A basic research goal for educational research is to determine causation. The advantage of using SBR is that having a control group allows a better explanation of the variance in the data. Even with a control group, however, educational research must account for the intentionality of both students and teachers. This is not trivial [emphasis mine]. Intentionality refers to the ability of students and/or teachers to behave in a way that is not norm-regulated (Howe, 2005, p. 311). To determine the effectiveness of an intervention, researchers must assume that control and test group teachers deliver the same content in exactly the same way to the same mix of children. Research design options can minimize errors for these assumptions, but not without considerable efforts and collaboration (National Research Council, 2005, p. 30). Student populations vary widely in their ethnicity, socio-economic status, and family backgrounds. These factors can be controlled for. The student motivation, the intentionality of students and teachers and the variety of administrative philosophies make it impossible to control for all variability [emphasis mine]. Many of these constructs cannot be measured or scaled as a data point; however, each can strongly influence educational achievement. The variance inherent within each of the constructs does not lend itself well to SBR, even with randomization and a control group.We can't even measure this shit! We know the problems are societal. We have big things to fix before anything is going to improve. All this nonsense is a reaction, and it is a knee-jerk reaction, providing a lot of people with a whole lot space for their self-serving, career-advancing, kid-under-the-bus-throwing, teacher blaming, policy excusing nonsense they decided to name NCLB. TAKE A STAND!!!!!!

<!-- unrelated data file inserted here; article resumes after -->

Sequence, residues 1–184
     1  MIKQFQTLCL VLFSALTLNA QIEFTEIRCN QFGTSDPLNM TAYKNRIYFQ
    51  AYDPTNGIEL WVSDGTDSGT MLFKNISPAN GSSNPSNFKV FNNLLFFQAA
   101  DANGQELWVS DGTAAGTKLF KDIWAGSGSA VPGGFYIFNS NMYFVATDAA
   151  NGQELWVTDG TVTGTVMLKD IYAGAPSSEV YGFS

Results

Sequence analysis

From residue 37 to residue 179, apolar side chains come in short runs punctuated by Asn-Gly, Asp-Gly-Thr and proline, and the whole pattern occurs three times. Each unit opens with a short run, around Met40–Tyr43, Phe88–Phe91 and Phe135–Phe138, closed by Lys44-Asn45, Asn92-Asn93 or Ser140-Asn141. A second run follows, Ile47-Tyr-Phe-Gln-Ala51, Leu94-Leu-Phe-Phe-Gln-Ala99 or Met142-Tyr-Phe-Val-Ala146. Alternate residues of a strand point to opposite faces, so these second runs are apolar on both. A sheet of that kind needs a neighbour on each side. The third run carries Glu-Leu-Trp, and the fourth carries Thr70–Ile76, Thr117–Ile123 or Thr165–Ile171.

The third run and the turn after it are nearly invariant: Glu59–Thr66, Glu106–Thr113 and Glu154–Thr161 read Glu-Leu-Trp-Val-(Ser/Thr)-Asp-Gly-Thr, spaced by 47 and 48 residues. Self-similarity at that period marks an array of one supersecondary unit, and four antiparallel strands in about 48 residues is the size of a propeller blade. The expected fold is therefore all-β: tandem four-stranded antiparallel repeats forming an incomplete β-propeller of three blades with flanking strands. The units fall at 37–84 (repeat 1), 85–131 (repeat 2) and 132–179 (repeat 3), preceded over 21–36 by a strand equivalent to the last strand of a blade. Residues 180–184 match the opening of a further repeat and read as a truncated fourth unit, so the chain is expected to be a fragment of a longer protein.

Educational Research: Mostly Crap
Here is a little nugget from a 2007 journal article (or pdf) regarding the re-authorization of NCLB. In it they question the SBR (scientifically based research) requirement that all materials must meet to conform to NCLB. I have said many times that educational research is some of the poorest, least robust, most maligned research. Here is a good reason why: